How do you treat depression?

Saying depression is hard is an understatement, and it sometimes feels like there is no way out. Fortunately, there are lots of options for individuals experiencing depression to cope and recover.

It’s important to mention that depression can look very different and can have many contributing factors. Life transitions, low self-esteem, trauma, other health conditions, family history, and biology can all contribute to depression. Some people may experience depression as sleeping too much, feeling exhausted, and losing pleasure and interest in things they used to care about. Others may experience it as feeling unable to eat, having trouble concentrating, and feeling empty. Still others might experience a sense of restlessness, worthlessness, and thoughts of death or suicide.

Because there are so many ways to experience depression, the most effective combination of support can also depend on the person. What works for one person may be more or less effective for someone else.

Some examples of how to treat depression include:

Therapy: There are many different types of therapy. It can be a great way to change behaviors, gain confidence, learn new skills, and talk with someone openly and honestly. One of the most common and researched types of therapy for depression is Cognitive-Behavioral Therapy (CBT). The two main aspects of CBT are focusing on developing helpful thoughts and beliefs and increasing behaviors that make us feel better.

Support groups: Support groups are made up of individuals with similar experiences, like depression, who meet regularly to discuss their experiences. There are many groups specific to depression, in addition to groups around broader issues. Talking to people who are going through the same things can make you feel less alone and more connected. It also creates a space where people can share what has worked for them and talk through their struggles with people who understand.

Medication: Although there is no cure for depression, many people find medication helpful in dealing with depression. Medications can be prescribed by a psychiatrist or your primary care physician. Antidepressants impact your brain's circuits and neurotransmitters. Antidepressants typically take 4-6 weeks for individuals to notice a change in symptoms. It's helpful to keep in mind that other biological factors can impact your depression - such as hormones or inflammation.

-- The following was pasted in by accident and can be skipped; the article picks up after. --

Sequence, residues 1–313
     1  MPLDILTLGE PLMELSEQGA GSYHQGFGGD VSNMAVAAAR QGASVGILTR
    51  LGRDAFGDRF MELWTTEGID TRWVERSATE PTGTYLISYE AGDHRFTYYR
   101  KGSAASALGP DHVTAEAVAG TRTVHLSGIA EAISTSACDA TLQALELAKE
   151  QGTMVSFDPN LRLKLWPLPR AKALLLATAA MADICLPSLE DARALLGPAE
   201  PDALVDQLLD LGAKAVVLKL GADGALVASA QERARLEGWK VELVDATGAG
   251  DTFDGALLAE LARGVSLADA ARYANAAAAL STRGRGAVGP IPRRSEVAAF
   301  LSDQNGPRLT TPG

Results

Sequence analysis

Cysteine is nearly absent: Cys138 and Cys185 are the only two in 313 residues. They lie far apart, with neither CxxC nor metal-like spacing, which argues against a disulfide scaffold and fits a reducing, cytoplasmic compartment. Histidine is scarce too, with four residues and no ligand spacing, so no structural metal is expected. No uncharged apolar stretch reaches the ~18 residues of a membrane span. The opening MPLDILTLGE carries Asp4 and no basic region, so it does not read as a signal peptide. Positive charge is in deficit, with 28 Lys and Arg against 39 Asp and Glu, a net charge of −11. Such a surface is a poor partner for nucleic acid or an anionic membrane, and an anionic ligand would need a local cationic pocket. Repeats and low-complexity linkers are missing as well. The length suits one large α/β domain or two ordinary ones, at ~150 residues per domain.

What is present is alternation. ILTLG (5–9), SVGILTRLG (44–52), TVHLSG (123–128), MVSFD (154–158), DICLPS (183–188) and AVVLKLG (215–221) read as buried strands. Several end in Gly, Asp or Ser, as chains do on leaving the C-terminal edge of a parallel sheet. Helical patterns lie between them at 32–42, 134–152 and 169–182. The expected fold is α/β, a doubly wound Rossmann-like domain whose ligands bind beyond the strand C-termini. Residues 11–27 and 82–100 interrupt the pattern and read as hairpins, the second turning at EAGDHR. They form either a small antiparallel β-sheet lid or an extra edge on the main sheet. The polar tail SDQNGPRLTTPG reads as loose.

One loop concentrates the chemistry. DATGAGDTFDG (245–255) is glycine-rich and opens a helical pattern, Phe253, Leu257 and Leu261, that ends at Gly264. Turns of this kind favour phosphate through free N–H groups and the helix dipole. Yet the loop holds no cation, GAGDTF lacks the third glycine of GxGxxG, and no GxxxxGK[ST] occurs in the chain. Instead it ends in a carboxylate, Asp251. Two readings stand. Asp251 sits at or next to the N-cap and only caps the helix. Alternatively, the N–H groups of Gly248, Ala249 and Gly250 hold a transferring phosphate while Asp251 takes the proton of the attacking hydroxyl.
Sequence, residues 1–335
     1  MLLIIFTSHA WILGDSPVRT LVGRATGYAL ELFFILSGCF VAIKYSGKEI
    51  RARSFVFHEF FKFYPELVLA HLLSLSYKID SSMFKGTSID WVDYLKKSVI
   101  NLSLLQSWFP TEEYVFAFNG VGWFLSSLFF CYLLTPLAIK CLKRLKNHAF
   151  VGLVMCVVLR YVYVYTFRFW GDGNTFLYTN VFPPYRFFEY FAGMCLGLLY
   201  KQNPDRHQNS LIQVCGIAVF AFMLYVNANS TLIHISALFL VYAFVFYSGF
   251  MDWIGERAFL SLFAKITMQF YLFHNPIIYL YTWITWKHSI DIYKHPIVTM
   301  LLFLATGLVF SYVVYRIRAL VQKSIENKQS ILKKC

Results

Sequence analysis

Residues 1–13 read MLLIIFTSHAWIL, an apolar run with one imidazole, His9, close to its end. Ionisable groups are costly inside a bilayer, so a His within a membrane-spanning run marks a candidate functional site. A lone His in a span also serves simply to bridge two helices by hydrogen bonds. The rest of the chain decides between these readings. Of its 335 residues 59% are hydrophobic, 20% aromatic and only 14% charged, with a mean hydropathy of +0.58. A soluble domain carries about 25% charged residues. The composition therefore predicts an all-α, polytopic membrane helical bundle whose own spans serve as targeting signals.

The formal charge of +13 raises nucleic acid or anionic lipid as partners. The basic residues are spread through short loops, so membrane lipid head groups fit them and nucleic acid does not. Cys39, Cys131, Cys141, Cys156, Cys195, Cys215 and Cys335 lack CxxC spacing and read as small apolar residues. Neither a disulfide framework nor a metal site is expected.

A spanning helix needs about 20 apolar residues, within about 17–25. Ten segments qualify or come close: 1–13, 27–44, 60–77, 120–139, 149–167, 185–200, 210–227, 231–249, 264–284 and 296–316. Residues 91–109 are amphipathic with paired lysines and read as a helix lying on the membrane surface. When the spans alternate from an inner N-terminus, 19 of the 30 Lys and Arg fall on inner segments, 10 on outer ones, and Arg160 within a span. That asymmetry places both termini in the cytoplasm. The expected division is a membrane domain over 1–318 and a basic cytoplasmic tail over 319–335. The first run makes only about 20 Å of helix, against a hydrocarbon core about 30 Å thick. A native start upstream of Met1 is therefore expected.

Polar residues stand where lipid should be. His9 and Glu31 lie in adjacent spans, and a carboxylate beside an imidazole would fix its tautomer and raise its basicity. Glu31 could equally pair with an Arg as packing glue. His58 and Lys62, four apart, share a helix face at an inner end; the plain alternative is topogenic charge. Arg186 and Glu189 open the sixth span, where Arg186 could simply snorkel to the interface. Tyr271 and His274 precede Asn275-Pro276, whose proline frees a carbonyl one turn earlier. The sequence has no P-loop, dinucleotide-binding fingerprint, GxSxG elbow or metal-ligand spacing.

Device based treatments: When medication treatments don't work, people can explore the use of devise based treatments for depression.  These treatments include Electroconvulsive therapy (ECT), Vagus Nerve Stimulation (VNS), Transcranial Magnetic Stimulation (TmS), or Cranial Electrotherapy Stimulation (CES).  Some of these procedures are done in a hospital under the care of a doctor. CES is used at home and is a small devise. You'll have to check with your insurance company if any of these treatments are covered.

Lifestyle Changes: Research shows exercise, meditation, and yoga can all improve mood and overall wellbeing. Research also shows the importance of nutrition and certain supplements in supporting brain and mood. Basically your brain is made of fat and needs good fat to work well. As hard as it is to eat veggies and exercise - they are the stuff of good health.  If you're working on changing healthy habits - take it slow so you have early and easy wins. Other things like taking time to take care of yourself, trying activities you enjoy, and spending time with people or environments where you feel supported can help as well. Some find it important to reduce or eliminate the use of drugs and alcohol when they are struggling with depression.

While there is no one simple answer, people do recover with a combination of supports. It can take some time to find out what works best for you, but it does get better.

Treatment & Resources